I was recently asked, “I am a little confused as to the relationship between faith and works in the Free Grace understanding. My own understanding is that faith naturally has a corresponding action. It’s not that the action proves or adds anything to salvation, but that grace-born trust in Jesus could not fail to be accompanied by some corresponding activity emerging from the trusting heart. Doesn’t faith necessarily produce good works? And if not, why not?”
The answer is fairly simple: in between faith and good works there is a little thing called the will.
Just because you believe something is true, doesn’t mean you will necessarily choose to act on that truth. In that case, your failure to act is not a failure of faith, but of the will.
For example, take James 2. Imagine being faced with a brother or sister in Christ who is hungry, needs a job, or needs a place to stay. You believe a number of things about his or her situation—e.g., that God has commanded you to love your neighbors, that your neighbors need help, and that it would be good to help them. You may even believe that God will reward you for helping.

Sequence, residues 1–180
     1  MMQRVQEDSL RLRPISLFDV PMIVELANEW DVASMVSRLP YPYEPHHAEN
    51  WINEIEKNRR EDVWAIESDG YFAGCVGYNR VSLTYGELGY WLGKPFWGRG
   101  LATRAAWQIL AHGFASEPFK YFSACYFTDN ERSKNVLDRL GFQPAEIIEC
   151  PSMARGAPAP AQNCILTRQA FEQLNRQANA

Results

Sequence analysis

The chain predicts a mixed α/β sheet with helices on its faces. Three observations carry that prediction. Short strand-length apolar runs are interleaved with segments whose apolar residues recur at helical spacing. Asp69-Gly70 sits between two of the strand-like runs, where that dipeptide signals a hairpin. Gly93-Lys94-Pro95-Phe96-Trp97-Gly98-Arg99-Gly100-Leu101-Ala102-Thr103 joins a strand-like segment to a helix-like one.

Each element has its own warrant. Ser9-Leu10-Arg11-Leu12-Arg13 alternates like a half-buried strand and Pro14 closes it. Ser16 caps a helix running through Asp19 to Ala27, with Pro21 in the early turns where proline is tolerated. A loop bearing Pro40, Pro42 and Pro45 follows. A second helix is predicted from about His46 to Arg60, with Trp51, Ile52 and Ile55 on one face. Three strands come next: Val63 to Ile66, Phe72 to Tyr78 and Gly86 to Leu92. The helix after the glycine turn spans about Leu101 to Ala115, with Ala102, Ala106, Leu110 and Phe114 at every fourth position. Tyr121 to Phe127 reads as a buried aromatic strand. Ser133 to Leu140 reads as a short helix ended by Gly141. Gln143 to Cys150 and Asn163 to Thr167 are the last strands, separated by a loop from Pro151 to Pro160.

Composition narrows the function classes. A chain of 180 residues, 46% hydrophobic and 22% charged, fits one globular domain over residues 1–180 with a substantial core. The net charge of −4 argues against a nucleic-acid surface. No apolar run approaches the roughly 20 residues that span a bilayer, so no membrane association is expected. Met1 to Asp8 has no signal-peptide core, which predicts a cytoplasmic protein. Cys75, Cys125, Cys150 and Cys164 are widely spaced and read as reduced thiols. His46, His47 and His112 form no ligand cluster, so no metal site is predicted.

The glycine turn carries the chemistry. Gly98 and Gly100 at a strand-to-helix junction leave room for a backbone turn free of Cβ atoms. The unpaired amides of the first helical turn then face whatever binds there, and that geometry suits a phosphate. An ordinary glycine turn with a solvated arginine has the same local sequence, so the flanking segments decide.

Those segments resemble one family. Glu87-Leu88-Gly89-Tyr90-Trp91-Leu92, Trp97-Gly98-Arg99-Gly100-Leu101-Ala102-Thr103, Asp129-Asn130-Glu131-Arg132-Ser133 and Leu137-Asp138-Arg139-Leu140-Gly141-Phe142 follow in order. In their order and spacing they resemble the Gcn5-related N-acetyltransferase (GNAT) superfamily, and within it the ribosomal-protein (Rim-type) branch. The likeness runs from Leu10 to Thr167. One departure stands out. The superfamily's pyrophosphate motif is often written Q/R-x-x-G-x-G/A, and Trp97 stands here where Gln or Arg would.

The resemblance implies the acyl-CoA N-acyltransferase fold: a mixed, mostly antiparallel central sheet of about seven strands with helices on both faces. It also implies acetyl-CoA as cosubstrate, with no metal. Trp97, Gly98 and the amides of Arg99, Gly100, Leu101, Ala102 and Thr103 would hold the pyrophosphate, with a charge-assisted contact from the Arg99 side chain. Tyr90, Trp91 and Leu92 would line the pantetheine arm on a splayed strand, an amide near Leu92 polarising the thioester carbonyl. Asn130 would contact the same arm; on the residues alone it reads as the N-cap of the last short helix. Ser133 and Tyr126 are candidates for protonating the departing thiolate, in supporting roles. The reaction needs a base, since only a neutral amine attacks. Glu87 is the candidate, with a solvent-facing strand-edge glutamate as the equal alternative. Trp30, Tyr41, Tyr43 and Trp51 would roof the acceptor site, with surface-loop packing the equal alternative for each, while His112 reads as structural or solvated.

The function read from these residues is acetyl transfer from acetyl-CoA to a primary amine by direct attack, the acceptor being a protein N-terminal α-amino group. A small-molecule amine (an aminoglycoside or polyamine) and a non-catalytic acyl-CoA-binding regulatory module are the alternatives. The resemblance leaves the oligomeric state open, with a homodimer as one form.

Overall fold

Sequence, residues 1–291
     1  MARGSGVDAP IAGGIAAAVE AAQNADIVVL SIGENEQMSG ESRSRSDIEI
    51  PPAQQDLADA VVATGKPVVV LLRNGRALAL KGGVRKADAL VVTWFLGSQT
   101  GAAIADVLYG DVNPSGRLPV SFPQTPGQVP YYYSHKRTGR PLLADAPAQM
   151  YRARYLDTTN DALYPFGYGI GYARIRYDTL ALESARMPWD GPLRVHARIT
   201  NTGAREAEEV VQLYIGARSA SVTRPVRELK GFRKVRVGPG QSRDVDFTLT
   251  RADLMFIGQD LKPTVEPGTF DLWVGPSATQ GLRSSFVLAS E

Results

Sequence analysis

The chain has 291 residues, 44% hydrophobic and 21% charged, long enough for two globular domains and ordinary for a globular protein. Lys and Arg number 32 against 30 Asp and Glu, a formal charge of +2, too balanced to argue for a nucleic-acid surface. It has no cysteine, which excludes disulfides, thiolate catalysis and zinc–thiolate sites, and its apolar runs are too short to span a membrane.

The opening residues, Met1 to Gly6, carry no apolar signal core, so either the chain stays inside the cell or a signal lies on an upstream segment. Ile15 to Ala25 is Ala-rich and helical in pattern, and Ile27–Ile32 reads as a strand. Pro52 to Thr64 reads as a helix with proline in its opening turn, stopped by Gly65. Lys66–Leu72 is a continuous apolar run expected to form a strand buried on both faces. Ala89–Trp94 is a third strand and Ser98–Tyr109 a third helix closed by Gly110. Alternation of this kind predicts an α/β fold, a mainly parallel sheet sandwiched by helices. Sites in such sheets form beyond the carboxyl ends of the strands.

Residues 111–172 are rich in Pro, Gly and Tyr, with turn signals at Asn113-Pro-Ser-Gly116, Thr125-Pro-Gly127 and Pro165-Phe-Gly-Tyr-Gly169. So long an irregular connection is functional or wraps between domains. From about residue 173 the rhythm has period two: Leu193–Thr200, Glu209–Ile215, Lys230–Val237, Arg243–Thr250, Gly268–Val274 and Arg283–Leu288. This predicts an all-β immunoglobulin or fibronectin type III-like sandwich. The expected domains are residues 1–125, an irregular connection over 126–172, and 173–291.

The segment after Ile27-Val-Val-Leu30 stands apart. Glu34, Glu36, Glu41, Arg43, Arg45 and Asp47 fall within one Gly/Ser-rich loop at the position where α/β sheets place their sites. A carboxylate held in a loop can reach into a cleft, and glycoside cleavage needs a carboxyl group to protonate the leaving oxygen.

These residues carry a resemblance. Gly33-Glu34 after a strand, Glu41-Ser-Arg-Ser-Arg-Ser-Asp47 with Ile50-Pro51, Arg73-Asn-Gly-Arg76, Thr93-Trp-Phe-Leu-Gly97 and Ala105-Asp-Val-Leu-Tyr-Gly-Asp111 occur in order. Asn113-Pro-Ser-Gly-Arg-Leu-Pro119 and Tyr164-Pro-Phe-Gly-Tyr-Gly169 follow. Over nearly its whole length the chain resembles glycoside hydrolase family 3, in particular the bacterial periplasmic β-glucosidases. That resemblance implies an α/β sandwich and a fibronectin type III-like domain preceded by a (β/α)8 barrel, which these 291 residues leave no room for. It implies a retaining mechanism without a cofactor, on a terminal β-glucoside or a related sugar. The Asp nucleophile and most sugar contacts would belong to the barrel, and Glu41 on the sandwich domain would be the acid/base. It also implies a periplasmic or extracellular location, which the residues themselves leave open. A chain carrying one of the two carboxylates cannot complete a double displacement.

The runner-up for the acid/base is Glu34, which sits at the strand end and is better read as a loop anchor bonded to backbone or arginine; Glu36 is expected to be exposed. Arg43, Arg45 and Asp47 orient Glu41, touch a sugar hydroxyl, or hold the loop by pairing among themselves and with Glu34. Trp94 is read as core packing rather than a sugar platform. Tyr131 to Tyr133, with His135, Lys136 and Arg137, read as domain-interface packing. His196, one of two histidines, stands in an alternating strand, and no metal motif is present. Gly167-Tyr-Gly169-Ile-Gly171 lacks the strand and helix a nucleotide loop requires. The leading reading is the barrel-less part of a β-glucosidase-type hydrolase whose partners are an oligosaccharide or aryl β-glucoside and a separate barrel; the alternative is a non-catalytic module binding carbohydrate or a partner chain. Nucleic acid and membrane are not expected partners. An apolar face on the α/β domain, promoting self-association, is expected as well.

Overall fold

And yet, despite these beliefs, you choose to ignore the needy brother and spend your money eating out at a restaurant.
Why did your faith not produce good works? It was not a failure of faith, but of choosing. You didn’t do, because you chose not to act on those beliefs.
Faith and works are connected. But they are connected by the will.
Of course, you should choose to act on your faith and apply Bible doctrine to your life. You should choose to live consistently with your beliefs. You should do things like love your neighbor. But that is a moral imperative, not a causal necessity. In other words, it is a choice you must make. As Joshua challenged the Israelites, “choose for yourselves today whom you will serve” (Josh 24:15).
Shawn Lazar lives in Denton, TX, with his wife Abby and their three children.